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Red Bull Racing

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Red Bull Racing will field an unchanged driver line-up in 2022, as new World Champion Max Verstappen partners Sergio Perez for a second season. Honda engines will also remain in their cars, despite the Japanese manufacturer’s official departure from F1. But can they produce a strong enough package to fight for title glory again as the sport enters a new era?


Red Bull Racing

Verstappen & Pérez

Nationalityche Austria
Home baseMilton Keynes, Great Britain
Active since2005
TeambossChristian Horner

F1 season 2022

WC Position 1
WC points 304.0
Podiums 12
Pole positions 3

F1 history

World titles 4
WC Points 5933
Podiums 218
Pole positions 76

Origins and Sauber sponsorship

Although Red Bull debuted in F1 as a team in 2005, their origins date back to the Stewart Grand Prix outfit that took to the grid in 1997.

Owner and three-time F1 World Champion Jackie Stewart sold the operation to Ford after two seasons, but the rebrand to Jaguar Racing yielded little success. As such, they were put up for sale in September 2004, with reports noting that Ford asked bidders for a symbolic $1 US fee, along with a commitment to invest $400m into the team over three seasons.

Prior to the sale, Red Bull had been involved in F1 as one of Sauber’s sponsors from 1995 to 2004. However, once Jaguar Racing were purchased, the long-term partnership was brought to an end.

F1 start with Cosworth engines

Christian Horner was named team boss of Red Bull’s new F1 entry, with David Coulthard and Christian Klien selected as their first driver pairing. The initial plans called for Klien (retained from Jaguar) and 2004 International Formula 3000 champion Vitantonio Liuzzi to swap every four races, but come the end of the season the Italian had only appeared at four events.

Red Bull named their first chassis the RB1 and used Cosworth engines – a deal inherited from Jaguar. The car’s best result was a fourth-place finish on debut in Australia, and a few months later at the Nurburgring, with both results achieved by Coulthard.

Compared to Jaguar’s limited success, Red Bull were a massive hit in their first season. They found themselves holding sixth in the Constructors’ standings for much of the season, only for BAR-Honda to overtake them later in the year.

By the end of the 2005 campaign, Red Bull finished with more points than Jaguar had scored in 2003 and 2004 combined.

Ferrari power and Newey signing

After just one year with Cosworth, Red Bull struck a deal that saw them use customer Ferrari engines in 2006. This move came following a rule change that mandated the use of V8 engines.

Perhaps more importantly, the team managed to secure the signing of Adrian Newey in November 2005. The British engineer was a key figure at Williams and later McLaren in the 1990s and 2000s, and would prove crucial in turning Red Bull into a dominant force in F1.

That success wasn’t immediate, however, as Red Bull took a step back with the RB2 in 2006. Cooling and overheating issues plagued the car during early tests, and continued reliability problems in the first part of the season led to several retirements.

Nevertheless, Coulthard secured Red Bull’s first podium with a third-place finish in Monaco. Horner had stated prior to the race that if one of his cars finished on the podium he would jump into a swimming pool at the track naked. He ended up taking the plunge wearing just a red cape.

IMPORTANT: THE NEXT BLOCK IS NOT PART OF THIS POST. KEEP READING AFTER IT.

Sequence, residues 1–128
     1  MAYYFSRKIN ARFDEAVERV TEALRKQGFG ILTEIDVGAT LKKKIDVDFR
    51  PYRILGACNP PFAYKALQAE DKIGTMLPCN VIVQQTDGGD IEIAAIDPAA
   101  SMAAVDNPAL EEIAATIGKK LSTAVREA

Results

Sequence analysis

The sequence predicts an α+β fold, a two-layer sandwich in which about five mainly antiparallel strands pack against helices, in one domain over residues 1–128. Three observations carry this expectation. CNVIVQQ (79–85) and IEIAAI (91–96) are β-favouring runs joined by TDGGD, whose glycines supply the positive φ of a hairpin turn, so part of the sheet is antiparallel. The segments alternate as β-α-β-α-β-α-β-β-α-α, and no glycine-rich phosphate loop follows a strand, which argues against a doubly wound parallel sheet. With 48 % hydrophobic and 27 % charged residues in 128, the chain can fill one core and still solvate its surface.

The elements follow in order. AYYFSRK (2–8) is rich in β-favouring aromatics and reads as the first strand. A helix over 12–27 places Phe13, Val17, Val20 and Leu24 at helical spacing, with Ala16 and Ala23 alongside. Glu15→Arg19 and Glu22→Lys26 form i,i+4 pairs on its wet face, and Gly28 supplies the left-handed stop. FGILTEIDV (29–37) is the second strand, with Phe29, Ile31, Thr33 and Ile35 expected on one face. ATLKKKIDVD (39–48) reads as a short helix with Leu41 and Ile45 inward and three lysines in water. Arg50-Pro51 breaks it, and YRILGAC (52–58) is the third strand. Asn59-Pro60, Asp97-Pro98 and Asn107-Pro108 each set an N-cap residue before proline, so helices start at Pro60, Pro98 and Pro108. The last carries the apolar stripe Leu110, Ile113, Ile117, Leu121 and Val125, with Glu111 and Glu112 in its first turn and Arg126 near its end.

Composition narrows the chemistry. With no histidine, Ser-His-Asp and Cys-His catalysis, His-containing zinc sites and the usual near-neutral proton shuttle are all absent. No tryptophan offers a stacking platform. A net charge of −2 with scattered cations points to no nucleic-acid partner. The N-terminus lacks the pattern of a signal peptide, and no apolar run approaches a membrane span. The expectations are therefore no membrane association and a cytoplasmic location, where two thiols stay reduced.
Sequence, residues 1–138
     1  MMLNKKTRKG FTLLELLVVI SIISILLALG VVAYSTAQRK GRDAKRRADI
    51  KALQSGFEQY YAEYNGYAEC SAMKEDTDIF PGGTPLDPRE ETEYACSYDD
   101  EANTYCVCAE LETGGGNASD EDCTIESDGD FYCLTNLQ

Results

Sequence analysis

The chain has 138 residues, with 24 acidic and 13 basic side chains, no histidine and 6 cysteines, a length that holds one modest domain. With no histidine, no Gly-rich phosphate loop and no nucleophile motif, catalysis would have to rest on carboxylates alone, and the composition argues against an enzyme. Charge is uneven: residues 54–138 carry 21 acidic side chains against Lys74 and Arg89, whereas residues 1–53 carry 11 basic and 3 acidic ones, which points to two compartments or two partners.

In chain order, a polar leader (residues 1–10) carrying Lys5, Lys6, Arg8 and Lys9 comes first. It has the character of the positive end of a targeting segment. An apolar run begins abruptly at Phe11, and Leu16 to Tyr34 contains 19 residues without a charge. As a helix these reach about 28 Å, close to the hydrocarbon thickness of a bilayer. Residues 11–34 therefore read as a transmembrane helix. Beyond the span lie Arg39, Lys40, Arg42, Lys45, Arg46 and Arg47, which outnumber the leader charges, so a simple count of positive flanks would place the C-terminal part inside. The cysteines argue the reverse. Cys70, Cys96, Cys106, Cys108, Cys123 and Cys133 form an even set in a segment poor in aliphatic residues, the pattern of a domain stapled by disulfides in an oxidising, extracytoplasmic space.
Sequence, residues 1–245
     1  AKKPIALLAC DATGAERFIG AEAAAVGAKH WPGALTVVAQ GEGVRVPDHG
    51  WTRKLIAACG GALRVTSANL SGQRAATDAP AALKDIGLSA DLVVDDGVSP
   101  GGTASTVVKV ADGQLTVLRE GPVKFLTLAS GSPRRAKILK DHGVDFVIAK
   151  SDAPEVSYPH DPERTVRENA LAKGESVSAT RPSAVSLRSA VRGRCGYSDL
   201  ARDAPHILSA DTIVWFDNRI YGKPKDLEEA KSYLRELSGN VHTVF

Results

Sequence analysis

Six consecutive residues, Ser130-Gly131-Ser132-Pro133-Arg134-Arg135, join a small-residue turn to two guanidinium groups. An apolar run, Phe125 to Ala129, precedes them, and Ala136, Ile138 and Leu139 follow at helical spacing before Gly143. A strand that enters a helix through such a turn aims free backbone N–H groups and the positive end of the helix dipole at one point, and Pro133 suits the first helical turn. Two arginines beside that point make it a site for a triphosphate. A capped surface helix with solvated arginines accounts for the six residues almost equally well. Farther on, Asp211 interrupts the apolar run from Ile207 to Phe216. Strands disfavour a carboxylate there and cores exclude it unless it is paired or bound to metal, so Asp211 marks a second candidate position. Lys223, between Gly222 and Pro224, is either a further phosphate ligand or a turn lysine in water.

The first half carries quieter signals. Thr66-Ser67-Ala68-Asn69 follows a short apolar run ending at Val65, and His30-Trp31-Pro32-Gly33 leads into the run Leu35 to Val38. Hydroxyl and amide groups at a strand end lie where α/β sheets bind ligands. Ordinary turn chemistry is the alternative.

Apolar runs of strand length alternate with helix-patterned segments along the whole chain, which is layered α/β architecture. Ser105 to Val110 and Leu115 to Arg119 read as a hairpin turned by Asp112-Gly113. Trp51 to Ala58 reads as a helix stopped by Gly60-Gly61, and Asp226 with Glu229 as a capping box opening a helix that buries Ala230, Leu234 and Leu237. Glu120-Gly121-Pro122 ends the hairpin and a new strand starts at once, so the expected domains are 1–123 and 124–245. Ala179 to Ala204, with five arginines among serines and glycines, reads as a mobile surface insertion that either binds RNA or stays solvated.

Red Bull finished the season with 16 points, 18 fewer than their tally of 34 the previous year. Coulthard accounted for 14 of those points compared to Klien’s two, with Robert Doornbos replacing the Austrian for the final three races.

2007 and 2008 season

The Newey-designed RB3 took to the grid in 2007, with Red Bull making the switch from Ferrari to Renault engines. The team’s contract with the Scuderia was passed along to junior team Toro Rosso.

Red Bull’s driver line-up was also changed, with Mark Webber brought in to race alongside Coulthard. Both drivers started the season slowly as they suffered eight retirements between them across the first seven races, though Coulthard did score the team’s first points with a fifth-place finish in Spain.

A season highlight involved Webber claiming his second career podium at the unpredictable European GP, while Coulthard finished fifth despite starting back in 20th after the team kept him in the pits too long during qualifying.

Webber came close to victory at the Japanese GP but crashed with Toro Rosso youngster Sebastian Vettel, leaving the latter in tears. In the end, the team finished fifth in the Constructors’ standings with 24 points.

The same driver line-up returned in 2008 with Webber scoring points in five straight races after retiring from the season-opener. Coulthard started at a slower pace but bounced back with a podium finish in Canada, helping Red Bull reach the same number of points they achieved in 2007 by the halfway point of the season.

However, from there, the team’s form dipped, scoring just five points in the final 10 races. Their performance was made worse by the fact that Red Bull ‘B team’ Toro Rosso became the first Red Bull-owned outfit to win a race with Vettel’s victory at the rain-hit Italian Grand Prix. The result helped Toro Rosso finish the season with more points – 39 to 29 – than Red Bull.

Vettel joins and Red Bull grow stronger

Coulthard retired at the end of the 2008 season with Red Bull promoting Vettel after a season with Toro Rosso.

The German showed he meant business immediately, running second during the Australian GP before retiring following a clash with Robert Kubica. Vettel secured Red Bull’s first pole position at the Chinese GP, while Webber started third. The following day, in rain-soaked conditions, Red Bull took their first win thanks to Vettel, with Webber rounding out a 1-2 finish.

Vettel grabbed a second victory at the British GP after starting from pole, while Webber took his first win in Germany. Red Bull ended the year in style with a 1-2 finish at the Abu Dhabi GP; Vettel led the way and ended the year just 11 points adrift of World Champion Jenson Button. Red Bull also finished second in the Constructors’ Championship, 18.5 points down on Brawn GP.

 © Getty Images/Red Bull Content Pool


© Getty Images/Red Bull Content Pool

Vettel and Red Bull’s breakthrough world titles

Both drivers returned for 2010 and Vettel wasted no time in taking pole at the opening round in Bahrain. He also looked to be on his way to victory, but slowed due to a spark plug failure and finished fourth. A front-row lockout in Australia saw Vettel retire while Webber could only finish ninth, though the team finally turned things around at the next race in Malaysia, as Vettel led home Webber in a 1-2.